The extrinsic apoptotic pathway, induced by FasR can crosstalk to the intrinsic pathway through the caspase-8-mediated cleavage of BID (a BH3-ONLY member of the BCL2 family of proteins), which result to produce the pro-apoptotic tBID fragment [4]. In mitochondria, the tBID activates BCL2-associated X protein ( BAX ) and thereby triggers the release of mitochondrial proteins Cytochrome C, diablo homolog ( Smac/DIABLO), and HtrA-like serine protease (HtrA2/OMI) [5].

These proteins reinforce the caspase cascade. Cytochrome C induces oligomerization of Apaf-1 into complexes which recruit and activate Caspases-9. Smac/DIABLO and HtrA2/OMI antagonize inhibitor of apoptosis proteins ( XIAP, IAP-1 ), a family of cellular caspase inhibitors [6].

FasR also stimulates the JNK signaling cascade. FasR recruit mitogen-activated protein kinase kinase kinase 5 ( ASK1 ) via adapter death-associated protein 6 ( DAXX ). Activation of ASK1 occur following recruitment to the DISC and subsequent JNK activation is believed to promote apoptosis in cells [7]. JNK inhibit of action of B-cell lymphoma protein 2 ( Bcl-2 ), which blocks the release of mitochondrial proteins.

PAK2 is cleaved into two defined fragments during Fas-induced apoptosis and can activate JNK cascade [8].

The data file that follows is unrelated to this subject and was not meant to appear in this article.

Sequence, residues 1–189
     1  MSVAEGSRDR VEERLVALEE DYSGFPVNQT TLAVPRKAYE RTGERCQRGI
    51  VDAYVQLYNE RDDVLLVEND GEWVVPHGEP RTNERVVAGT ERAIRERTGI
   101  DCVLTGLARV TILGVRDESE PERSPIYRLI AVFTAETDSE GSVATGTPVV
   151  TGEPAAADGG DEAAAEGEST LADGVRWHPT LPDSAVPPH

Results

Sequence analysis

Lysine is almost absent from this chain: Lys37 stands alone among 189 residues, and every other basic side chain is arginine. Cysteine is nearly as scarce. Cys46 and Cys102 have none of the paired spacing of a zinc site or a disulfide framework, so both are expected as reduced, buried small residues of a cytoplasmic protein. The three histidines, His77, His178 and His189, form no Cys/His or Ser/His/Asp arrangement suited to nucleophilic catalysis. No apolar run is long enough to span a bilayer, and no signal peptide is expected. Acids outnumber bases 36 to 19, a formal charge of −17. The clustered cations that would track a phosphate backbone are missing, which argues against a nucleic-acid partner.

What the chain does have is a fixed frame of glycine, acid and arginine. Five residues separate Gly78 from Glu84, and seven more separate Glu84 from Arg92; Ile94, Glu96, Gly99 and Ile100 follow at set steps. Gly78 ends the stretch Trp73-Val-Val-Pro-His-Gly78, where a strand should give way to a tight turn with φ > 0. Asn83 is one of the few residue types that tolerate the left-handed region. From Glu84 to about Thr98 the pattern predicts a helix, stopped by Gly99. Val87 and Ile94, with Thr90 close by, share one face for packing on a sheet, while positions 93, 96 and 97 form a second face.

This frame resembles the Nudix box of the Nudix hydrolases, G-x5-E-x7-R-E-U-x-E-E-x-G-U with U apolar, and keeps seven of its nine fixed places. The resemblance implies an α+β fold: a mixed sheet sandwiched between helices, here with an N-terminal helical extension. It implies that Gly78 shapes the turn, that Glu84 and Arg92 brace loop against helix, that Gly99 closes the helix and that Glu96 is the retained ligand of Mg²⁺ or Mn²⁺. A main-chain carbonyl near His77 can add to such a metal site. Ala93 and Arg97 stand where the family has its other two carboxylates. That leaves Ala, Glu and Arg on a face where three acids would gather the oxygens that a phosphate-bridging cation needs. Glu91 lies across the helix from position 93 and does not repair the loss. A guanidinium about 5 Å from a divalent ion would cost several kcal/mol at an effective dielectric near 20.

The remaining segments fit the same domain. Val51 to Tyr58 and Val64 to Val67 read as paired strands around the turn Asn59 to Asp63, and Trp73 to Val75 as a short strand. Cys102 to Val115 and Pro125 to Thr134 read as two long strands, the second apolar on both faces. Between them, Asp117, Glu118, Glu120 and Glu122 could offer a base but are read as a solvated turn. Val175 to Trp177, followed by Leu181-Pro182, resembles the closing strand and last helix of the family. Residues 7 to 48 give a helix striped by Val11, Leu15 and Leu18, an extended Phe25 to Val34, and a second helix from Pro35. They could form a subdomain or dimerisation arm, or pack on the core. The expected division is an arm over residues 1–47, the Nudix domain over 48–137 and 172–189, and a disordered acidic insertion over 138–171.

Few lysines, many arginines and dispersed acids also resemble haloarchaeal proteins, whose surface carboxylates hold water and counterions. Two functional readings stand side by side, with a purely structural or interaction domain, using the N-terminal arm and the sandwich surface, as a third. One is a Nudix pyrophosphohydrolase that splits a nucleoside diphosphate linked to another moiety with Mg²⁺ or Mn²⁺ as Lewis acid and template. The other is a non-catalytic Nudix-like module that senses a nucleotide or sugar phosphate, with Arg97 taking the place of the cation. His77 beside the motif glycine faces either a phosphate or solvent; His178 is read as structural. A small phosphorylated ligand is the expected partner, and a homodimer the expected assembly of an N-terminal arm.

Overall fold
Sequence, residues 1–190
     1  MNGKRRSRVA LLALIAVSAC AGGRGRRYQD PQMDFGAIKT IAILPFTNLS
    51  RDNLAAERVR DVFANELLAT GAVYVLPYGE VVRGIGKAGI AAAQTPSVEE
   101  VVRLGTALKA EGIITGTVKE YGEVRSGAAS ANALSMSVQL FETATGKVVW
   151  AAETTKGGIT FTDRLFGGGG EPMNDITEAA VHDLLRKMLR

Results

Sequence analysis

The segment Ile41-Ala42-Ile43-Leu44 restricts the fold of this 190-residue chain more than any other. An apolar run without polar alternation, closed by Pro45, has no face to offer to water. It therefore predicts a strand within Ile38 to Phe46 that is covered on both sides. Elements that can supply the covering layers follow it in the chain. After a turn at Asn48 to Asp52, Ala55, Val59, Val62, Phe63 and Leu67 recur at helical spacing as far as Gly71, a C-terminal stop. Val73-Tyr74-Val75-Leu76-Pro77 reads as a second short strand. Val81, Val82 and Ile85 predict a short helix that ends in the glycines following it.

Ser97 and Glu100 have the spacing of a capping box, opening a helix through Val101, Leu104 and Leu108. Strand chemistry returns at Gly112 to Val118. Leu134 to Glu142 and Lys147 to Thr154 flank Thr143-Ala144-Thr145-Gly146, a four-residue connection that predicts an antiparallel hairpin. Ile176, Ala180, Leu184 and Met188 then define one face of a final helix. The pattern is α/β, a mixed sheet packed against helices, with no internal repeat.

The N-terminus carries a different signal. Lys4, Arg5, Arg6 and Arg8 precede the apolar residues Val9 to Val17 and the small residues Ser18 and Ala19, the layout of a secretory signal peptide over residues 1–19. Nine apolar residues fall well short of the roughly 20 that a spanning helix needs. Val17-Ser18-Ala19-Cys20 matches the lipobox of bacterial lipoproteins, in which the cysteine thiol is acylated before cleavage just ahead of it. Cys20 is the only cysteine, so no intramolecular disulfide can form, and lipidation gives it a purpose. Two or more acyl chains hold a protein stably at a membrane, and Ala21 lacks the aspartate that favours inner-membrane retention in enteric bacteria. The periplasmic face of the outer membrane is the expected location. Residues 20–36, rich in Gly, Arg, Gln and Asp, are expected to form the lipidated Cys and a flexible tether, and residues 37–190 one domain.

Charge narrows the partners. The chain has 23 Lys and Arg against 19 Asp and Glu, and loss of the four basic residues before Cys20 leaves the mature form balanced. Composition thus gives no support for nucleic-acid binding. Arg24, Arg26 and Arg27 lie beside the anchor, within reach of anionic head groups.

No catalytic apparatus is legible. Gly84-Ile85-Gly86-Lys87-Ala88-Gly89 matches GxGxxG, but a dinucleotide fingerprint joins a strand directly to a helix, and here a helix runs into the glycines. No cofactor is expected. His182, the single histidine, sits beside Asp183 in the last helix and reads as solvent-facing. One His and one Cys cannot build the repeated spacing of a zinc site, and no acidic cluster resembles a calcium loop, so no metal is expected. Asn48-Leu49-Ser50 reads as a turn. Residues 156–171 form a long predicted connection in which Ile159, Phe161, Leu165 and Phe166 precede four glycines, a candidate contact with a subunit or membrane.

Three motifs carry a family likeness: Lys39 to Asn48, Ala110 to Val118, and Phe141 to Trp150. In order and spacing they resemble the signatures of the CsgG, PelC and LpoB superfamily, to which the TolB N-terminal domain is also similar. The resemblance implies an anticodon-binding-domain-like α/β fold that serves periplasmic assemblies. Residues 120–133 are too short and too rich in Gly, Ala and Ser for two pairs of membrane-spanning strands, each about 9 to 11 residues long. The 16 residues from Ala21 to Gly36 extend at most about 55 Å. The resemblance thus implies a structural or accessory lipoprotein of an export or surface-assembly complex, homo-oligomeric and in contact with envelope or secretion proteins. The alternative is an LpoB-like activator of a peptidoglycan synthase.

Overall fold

References:

  1. Curtin JF, Cotter TG
    Live and let die: regulatory mechanisms in Fas-mediated apoptosis. Cellular signalling 2003 Nov;15(11):983-92
  2. Mezzanzanica D, Balladore E, Turatti F, Luison E, Alberti P, Bagnoli M, Figini M, Mazzoni A, Raspagliesi F, Oggionni M, Pilotti S, Canevari S
    CD95-mediated apoptosis is impaired at receptor level by cellular FLICE-inhibitory protein (long form) in wild-type p53 human ovarian carcinoma. Clinical cancer research : an official journal of the American Association for Cancer Research 2004 Aug 1;10(15):5202-14
  3. Riedl SJ, Shi Y
    Molecular mechanisms of caspase regulation during apoptosis. Nature reviews. Molecular cell biology. 2004 Nov;5(11):897-907
  4. Gong XM, Choi J, Franzin CM, Zhai D, Reed JC, Marassi FM
    Conformation of membrane-associated proapoptotic tBid. The Journal of biological chemistry 2004 Jul 9;279(28):28954-60
  5. Yamaguchi H, Bhalla K, Wang HG
    Bax plays a pivotal role in thapsigargin-induced apoptosis of human colon cancer HCT116 cells by controlling Smac/Diablo and Omi/HtrA2 release from mitochondria. Cancer research 2003 Apr 1;63(7):1483-9
  6. Saelens X, Festjens N, Vande Walle L, van Gurp M, van Loo G, Vandenabeele P
    Toxic proteins released from mitochondria in cell death. Oncogene 2004 Apr 12;23(16):2861-74
  7. Chang HY, Nishitoh H, Yang X, Ichijo H, Baltimore D
    Activation of apoptosis signal-regulating kinase 1 (ASK1) by the adapter protein Daxx. Science 1998 Sep 18;281(5384):1860-3
  8. Rudel T, Zenke FT, Chuang TH, Bokoch GM
    p21-activated kinase (PAK) is required for Fas-induced JNK activation in Jurkat cells. Journal of immunology (Baltimore, Md. : 1950) 1998 Jan 1;160(1):7-11